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4.0 out of 5 stars
Disturbing . . . Thought-provoking, May 23 2004
The most disturbing thing about this film is that the hate and racism are more believable than the sudden ascent from them. Edward Norton's eloquent, passionate portrayal of a skinhead seemed more real than his quieter, more introspective portrayal of an ex-skinhead. He had been driven into the Neo-Nazi underworld by a lack of identity and an undirected rage at society; it gave him an identity, and an outlet for his anger. In prison, however, his character is suddenly transformed from an angry, passionate skinhead into a quiet, sensitive guy. The racism goes away, but the root causes of it are never resolved, and it leaves the rest of the movie with an unnatural, saccharine taste to it. The causes, motivations, and defenses for the characters' white supremacy are there, but there seems to be no reason for the sudden change. It is arguably because Edward Norton's performance as a skinhead was so strong, but his performance afterward seemed empty. Tony Kaye must take much of the blame in this for not providing any motivation for the transformation.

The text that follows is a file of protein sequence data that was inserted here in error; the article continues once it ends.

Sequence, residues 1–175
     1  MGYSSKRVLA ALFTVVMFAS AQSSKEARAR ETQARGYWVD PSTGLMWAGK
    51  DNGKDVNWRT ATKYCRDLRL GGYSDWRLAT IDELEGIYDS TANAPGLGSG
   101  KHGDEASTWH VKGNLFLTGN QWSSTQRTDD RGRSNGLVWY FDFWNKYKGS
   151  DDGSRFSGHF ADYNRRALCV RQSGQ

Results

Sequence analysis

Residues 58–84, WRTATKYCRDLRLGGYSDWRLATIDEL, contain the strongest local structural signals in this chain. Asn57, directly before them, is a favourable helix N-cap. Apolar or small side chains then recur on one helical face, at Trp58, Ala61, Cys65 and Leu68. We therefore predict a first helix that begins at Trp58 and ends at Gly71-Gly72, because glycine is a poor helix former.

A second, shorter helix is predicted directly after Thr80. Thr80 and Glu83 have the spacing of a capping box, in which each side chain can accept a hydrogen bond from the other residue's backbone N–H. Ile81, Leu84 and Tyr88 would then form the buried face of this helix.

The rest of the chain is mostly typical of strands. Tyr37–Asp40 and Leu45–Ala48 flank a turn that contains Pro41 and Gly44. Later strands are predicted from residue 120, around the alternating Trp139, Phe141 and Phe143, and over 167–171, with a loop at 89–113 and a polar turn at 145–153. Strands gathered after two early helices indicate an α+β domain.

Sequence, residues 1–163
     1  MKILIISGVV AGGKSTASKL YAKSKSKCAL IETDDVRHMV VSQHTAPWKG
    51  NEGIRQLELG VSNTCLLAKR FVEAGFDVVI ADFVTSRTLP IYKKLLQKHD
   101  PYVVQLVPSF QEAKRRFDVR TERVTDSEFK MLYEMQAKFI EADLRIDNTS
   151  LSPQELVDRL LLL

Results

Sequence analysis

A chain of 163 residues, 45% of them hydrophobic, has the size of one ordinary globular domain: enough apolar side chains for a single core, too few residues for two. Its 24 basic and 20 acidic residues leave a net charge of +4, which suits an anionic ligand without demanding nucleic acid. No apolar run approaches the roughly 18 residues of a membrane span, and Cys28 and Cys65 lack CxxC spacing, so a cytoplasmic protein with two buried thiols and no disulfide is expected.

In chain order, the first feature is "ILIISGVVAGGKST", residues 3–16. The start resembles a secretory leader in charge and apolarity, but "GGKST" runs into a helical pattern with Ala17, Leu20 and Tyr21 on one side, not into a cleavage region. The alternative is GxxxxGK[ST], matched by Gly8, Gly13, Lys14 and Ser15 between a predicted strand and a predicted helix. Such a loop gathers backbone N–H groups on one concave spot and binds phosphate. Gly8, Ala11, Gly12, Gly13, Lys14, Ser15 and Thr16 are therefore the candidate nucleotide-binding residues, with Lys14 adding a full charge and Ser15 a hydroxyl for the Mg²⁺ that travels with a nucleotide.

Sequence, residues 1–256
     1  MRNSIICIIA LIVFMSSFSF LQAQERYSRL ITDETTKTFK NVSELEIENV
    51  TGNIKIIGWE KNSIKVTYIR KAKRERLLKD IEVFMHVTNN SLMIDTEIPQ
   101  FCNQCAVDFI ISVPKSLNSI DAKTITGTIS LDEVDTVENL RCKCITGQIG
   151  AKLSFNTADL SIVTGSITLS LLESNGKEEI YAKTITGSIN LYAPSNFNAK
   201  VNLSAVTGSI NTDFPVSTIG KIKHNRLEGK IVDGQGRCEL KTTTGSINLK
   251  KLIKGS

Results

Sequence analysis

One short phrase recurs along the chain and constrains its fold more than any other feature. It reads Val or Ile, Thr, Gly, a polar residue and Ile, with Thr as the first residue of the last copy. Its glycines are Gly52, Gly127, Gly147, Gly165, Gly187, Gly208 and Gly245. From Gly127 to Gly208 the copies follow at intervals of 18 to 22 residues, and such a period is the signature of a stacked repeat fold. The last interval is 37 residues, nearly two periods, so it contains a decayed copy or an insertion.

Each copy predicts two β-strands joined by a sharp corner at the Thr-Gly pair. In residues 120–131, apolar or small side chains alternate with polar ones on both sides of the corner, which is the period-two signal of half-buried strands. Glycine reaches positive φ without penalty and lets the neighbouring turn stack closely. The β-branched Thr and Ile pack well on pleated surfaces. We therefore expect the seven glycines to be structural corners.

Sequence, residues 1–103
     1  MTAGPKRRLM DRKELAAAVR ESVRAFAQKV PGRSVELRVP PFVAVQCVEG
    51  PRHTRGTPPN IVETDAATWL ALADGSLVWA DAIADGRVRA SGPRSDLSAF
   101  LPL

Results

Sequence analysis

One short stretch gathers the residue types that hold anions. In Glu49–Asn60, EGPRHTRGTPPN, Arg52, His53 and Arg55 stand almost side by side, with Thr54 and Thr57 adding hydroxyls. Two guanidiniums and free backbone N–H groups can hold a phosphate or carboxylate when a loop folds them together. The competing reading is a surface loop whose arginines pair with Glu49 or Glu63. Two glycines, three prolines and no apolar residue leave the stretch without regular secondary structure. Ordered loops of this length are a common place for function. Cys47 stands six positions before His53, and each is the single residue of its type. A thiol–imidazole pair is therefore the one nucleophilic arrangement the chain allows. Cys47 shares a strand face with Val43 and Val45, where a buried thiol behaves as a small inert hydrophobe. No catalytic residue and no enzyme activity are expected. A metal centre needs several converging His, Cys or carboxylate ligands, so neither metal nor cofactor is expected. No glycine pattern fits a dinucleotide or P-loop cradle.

I believed Edward Furlong: he acted consistently throughout as a hero-worshipping younger brother would. His behaviour hinged so much on Norton's, however, that Norton's unbeleivable character turnaround pulled Furlong's solidly grounded and well played character from the believability and realism the acting merited.
All in all, a brilliant, disturbing, thought-provoking film; the brilliant performances in the first half of the movie overshadow the salvation in the second half, so you are left more with a chilling view of Neo-Nazism than with an inspiring story of their salvation from hateful views.